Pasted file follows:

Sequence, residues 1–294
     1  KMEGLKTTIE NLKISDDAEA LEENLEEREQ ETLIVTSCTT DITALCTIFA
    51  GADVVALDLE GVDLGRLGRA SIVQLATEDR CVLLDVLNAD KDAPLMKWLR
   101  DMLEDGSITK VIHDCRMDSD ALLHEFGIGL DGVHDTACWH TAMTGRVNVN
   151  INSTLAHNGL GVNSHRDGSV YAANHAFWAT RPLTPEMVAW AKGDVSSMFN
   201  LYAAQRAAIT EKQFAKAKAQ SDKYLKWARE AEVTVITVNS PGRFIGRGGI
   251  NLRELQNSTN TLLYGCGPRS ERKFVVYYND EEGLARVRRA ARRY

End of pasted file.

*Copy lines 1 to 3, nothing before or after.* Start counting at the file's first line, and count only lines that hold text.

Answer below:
Sequence, residues 1–294
     1  KMEGLKTTIE NLKISDDAEA LEENLEEREQ ETLIVTSCTT DITALCTIFA
    51  GADVVALDLE GVDLGRLGRA SIVQLATEDR CVLLDVLNAD KDAPLMKWLR